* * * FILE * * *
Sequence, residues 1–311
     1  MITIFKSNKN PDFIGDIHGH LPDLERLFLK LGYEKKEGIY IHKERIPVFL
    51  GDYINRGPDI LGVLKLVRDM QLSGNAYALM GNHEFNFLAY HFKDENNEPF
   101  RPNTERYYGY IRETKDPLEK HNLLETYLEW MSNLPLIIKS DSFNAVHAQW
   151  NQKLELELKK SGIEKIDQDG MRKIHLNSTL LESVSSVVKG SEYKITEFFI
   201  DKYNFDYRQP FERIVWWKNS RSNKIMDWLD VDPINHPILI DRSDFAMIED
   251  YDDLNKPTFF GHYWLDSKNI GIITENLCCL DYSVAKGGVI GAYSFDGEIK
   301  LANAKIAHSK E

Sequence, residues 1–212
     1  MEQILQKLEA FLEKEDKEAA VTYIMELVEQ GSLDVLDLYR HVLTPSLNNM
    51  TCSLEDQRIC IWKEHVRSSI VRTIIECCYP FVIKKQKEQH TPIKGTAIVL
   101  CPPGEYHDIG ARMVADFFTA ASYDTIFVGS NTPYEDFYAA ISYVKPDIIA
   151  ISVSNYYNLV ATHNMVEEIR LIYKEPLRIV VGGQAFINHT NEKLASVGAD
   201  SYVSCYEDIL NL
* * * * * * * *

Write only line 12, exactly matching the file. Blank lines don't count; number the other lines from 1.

   101  CPPGEYHDIG ARMVADFFTA ASYDTIFVGS NTPYEDFYAA ISYVKPDIIA